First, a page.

The ACLU of Pennsylvania is reviving a challenge to the Delaware Valley School District's drug testing policy, which requires all students participating in extracurricular activities to supply an initial urine sample and agree to random screening thereafter. The plaintiffs are Glenn and Kathy Kiederer of Shohola, who were surprised by the paperwork their 12-year-old daughter brought home after she signed up for her school's scrapbooking club:
"I feel I'm being coerced into signing this paper," Glenn Kiederer said Monday during a hearing in Pike County. "To drug test at this age makes it normal for them. If it's normal, when they have children, what will be normal for them? A chip in your arm that tracks where you go?"Invasive testing of kids for drugs is not how a public system would treat the people it was working for if families and kids actually had power and input into a system that has become autonomous from the very people it should serve. Schools have driven the use of stimulant drugs in kids because there is no ability to modify or customize schedules even for kids having stress.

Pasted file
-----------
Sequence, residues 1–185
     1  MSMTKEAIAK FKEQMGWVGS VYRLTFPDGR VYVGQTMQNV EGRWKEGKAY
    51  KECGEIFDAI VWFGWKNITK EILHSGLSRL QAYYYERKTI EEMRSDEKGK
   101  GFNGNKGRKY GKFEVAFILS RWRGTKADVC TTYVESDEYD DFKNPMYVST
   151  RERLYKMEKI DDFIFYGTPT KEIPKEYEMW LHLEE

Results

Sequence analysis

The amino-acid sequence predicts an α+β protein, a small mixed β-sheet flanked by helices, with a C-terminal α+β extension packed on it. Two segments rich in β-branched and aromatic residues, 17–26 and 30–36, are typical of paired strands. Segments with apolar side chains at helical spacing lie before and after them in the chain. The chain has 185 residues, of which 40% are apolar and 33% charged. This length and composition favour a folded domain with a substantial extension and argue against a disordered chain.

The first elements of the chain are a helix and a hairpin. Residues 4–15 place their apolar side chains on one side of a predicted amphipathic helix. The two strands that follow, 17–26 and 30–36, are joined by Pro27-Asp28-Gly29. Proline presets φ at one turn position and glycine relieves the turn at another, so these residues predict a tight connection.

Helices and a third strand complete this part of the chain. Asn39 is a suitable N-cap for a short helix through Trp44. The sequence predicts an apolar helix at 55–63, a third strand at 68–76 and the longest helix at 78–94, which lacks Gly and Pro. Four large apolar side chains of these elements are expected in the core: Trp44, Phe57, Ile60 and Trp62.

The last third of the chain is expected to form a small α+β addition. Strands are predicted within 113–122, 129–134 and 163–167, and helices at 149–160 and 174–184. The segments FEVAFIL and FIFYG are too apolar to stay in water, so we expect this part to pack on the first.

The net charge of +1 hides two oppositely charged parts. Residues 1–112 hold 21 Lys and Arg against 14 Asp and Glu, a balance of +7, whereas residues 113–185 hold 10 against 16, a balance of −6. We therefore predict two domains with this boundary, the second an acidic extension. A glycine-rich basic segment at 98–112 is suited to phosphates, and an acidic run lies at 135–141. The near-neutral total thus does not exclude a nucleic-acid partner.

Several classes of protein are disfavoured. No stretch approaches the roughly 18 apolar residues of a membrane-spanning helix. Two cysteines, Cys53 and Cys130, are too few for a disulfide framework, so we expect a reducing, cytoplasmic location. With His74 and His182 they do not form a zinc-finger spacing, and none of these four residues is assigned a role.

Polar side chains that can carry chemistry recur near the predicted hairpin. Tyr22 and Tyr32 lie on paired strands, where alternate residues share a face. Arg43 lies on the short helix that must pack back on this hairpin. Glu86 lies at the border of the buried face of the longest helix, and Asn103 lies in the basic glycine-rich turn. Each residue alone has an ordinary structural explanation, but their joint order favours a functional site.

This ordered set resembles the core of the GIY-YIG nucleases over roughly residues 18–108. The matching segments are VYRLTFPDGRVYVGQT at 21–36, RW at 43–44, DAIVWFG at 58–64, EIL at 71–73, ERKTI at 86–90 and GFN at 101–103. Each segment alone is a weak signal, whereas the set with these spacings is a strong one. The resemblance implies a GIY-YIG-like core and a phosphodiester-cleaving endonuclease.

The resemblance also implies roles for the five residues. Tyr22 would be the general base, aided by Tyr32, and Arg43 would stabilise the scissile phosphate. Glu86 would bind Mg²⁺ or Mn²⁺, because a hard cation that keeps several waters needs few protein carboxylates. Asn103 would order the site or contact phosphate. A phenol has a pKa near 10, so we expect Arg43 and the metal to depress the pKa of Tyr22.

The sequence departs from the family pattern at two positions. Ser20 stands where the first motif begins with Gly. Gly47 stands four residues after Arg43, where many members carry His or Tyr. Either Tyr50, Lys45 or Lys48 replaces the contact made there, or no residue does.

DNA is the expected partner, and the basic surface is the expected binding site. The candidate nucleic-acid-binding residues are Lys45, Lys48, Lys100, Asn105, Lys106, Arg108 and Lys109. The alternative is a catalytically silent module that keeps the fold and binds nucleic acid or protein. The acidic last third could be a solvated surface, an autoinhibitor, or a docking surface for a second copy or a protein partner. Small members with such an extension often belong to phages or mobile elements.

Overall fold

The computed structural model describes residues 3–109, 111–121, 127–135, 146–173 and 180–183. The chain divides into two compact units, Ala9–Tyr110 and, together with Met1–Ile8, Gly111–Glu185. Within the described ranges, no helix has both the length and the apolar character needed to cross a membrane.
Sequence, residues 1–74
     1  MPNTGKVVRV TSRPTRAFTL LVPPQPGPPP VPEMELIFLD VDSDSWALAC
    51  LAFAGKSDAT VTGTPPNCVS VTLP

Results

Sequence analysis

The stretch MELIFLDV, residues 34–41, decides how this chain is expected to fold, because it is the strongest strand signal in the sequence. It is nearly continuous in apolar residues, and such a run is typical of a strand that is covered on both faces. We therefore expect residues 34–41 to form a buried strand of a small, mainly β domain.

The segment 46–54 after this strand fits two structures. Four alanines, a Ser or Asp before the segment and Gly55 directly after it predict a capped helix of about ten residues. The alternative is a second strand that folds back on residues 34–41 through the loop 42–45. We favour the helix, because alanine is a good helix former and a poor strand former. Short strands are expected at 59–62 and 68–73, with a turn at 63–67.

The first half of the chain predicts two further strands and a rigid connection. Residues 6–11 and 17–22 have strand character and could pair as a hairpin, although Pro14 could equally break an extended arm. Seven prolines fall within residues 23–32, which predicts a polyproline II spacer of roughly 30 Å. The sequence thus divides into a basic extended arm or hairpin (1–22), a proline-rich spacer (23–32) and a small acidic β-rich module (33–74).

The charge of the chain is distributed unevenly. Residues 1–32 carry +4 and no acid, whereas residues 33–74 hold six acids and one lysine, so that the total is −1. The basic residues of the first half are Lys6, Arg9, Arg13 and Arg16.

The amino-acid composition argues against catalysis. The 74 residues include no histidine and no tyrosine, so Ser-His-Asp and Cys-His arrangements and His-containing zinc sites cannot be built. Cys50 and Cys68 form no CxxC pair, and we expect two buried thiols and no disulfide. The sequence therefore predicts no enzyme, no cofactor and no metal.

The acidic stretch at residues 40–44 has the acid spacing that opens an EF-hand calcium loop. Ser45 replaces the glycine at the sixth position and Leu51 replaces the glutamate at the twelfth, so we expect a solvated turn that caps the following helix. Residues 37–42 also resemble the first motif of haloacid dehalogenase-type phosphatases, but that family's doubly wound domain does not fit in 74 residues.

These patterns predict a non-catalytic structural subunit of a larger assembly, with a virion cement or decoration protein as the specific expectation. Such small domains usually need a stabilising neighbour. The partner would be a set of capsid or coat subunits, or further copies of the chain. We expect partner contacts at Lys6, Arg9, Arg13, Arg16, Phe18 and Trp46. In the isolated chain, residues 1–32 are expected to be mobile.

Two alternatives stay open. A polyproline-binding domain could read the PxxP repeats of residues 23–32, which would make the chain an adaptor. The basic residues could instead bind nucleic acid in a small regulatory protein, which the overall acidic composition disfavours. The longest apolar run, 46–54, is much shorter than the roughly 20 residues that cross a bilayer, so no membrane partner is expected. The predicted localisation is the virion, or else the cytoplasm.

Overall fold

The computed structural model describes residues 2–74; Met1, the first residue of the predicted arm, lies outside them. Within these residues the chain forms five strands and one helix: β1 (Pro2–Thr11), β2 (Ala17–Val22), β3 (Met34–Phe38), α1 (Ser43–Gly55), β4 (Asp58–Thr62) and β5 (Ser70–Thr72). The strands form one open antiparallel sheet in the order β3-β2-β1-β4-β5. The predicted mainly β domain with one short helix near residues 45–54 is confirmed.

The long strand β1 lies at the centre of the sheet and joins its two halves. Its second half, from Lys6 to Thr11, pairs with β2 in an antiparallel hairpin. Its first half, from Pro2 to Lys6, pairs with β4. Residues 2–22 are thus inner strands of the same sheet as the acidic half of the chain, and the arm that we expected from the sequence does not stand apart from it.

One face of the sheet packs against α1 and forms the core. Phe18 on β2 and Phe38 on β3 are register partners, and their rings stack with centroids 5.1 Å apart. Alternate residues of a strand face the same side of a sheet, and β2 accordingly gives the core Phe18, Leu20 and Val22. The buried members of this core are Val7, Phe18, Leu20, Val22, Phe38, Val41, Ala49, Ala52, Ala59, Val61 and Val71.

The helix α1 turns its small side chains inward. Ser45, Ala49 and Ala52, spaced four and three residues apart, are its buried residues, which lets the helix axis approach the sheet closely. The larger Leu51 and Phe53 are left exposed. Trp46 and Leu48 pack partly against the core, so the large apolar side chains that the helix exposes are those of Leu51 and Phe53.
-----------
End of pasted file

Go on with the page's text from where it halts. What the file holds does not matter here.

Testing brains and testing bladders are similarly useless efforts to control learning and it is completely unnecessary. People naturally like to learn, families are always interested in jobs for their kids, and authoritarian tactics serve class interests.